For most of us, the city of Las Vegas, Nevada is synonymous with bright lights, high rollers, big winnings, fast payouts and Elvis. But if chasing a jackpot isn’t your thing and you’d prefer your blue suede shoes to be green instead, there’s still a place for you in Sin City.
At the opposite end of the spectrum from the hedonistic excitement of the strip is an opportunity for those of us with Celtic roots, or just a love of Celtic culture, to meet likeminded people and enjoy some real culture.
We’re talking here, of course, about the celebration of all things Gaelic that is the Las Vegas Celtic Society’s Celtic Festival. Dating back to 2004, the LVCS is a non-profit organisation that dedicates itself to the promotion and preservation of Celtic heritage in southern Nevada. Through volunteer work, providing scholarships and donations, it also supports an array of other organisations that seek to preserve Celtic heritage.
LCVS’s headline event is the annual Las Vegas Highland Games and Celtic Gathering. For one weekend Floyd Lamb Park at Tule Springs is transformed into a little bit of the old countries as it plays host to musicians, athletes, and enthusiasts in a family-friendly environment.
Bagpipes and Fancy Footwork
It might get pretty noisy around Vegas for the weekend of April 29th and 30th, 2017, as pipe bands from all over the world descend on the park for the games. Bagpipes may not be to everyone’s taste, but there’s surely nothing as stirring and impressive as legions of pipers playing the tunes, that evoke what it means to be a proud Celt. The competition among the pipers is fierce but friendly so get ready to be blown away by the talent of these musicians.
Of course, if you have music, you’ve got to have dancers too, and the games’ dance competitions and displays will see fancy footwork from some of the best there are. Forget Riverdance, you’ve never experienced set dancing unless you’ve seen it live, and in the settings of the park, surrounded by other lovers of all things Celtic, is the perfect way to enjoy it.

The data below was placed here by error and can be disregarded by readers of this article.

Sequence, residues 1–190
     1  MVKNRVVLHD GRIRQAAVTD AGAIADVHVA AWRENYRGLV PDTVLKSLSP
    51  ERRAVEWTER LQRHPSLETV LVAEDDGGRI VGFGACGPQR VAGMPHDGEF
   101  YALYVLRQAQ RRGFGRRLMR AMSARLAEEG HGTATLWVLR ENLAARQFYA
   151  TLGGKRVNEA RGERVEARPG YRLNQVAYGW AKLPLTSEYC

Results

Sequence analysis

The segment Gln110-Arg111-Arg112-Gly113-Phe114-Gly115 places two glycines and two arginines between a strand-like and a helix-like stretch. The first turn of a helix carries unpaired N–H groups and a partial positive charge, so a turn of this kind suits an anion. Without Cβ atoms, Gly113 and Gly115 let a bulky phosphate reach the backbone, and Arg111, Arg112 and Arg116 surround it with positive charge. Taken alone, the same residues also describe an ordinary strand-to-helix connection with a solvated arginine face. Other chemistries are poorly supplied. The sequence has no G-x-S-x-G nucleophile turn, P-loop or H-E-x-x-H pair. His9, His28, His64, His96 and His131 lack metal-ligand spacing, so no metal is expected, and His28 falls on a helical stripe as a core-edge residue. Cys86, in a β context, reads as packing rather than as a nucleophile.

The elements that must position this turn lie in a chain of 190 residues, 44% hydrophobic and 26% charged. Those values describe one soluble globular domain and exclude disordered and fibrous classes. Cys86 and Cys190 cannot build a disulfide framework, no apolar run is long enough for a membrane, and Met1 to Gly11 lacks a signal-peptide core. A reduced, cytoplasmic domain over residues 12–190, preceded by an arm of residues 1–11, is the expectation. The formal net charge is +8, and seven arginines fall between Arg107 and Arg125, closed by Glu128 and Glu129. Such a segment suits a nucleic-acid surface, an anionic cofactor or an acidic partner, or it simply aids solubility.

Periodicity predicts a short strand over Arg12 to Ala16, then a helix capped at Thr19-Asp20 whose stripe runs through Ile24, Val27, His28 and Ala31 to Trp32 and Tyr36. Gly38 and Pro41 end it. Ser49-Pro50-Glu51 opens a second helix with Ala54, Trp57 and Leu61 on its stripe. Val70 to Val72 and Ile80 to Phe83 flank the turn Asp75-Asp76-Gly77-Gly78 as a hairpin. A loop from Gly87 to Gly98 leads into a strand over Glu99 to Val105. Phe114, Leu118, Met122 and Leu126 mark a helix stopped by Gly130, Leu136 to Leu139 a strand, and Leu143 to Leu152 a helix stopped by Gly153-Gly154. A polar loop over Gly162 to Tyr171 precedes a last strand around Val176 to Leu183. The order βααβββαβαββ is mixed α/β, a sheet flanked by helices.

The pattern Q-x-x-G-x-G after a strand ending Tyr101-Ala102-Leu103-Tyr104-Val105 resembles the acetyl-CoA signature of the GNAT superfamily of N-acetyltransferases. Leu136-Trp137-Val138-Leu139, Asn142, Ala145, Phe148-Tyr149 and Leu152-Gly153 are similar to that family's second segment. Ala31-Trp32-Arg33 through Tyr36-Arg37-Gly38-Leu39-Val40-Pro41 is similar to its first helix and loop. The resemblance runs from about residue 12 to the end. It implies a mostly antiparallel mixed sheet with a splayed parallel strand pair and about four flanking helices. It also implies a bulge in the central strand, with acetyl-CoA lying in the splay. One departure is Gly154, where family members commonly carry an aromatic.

You’re likely to work up quite an appetite while taking in all there is on offer at the festival, so luckily the food and drink providers are ready to satisfy your belly and your thirst. As the old saying goes: “When in Rome…”, so you might as well get stuck into traditional fare that tastes just as good as it does in Scotland or Ireland.
Top of everyone’s menu must be the haggis. Sure, the idea of eating ‘Pluck’ ‒ the sheep’s heart, lungs, and liver, might not be for everyone even if it is mixed with suet, onion, and oatmeal. But nowadays the traditional casing, a sheep’s stomach, has been replaced with an artificial alternative, so that’s one less thing to turn you off. Despite its description, haggis is a nutritious, tasty dish that’s truly and uniquely Scottish. Feeling the need to wash down that haggis? Then get yourself over to the drinks tents where you can choose from an exotic variety of traditional ales and beers direct from the old countries’ breweries.
Let’s hope you’ve not over indulged, as the sight of the traditional games might be too much for you! This is where the Celtic brawn gets to show itself, and you won’t be disappointed by the feats of strength in these ‘heavy games’. Watch kilted beefcakes throw cabers ‒ that’s a tapered pine log up to 20 feet long that they try to upend, or marvel at the hammer throw. Seeing these athletes in action will remind you why the ancient Celtic warriors were so feared!